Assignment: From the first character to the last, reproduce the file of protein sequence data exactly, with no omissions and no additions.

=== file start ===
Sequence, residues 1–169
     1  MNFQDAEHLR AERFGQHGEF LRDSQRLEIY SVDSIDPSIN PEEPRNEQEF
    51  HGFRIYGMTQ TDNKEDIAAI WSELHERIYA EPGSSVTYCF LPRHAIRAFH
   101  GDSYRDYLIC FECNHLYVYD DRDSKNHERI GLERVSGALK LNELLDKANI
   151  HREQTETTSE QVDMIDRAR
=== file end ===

Sequence, residues 1–169
     1  MNFQDAEHLR AERFGQHGEF LRDSQRLEIY SVDSIDPSIN PEEPRNEQEF
    51  HGFRIYGMTQ TDNKEDIAAI WSELHERIYA EPGSSVTYCF LPRHAIRAFH
   101  GDSYRDYLIC FECNHLYVYD DRDSKNHERI GLERVSGALK LNELLDKANI
   151  HREQTETTSE QVDMIDRAR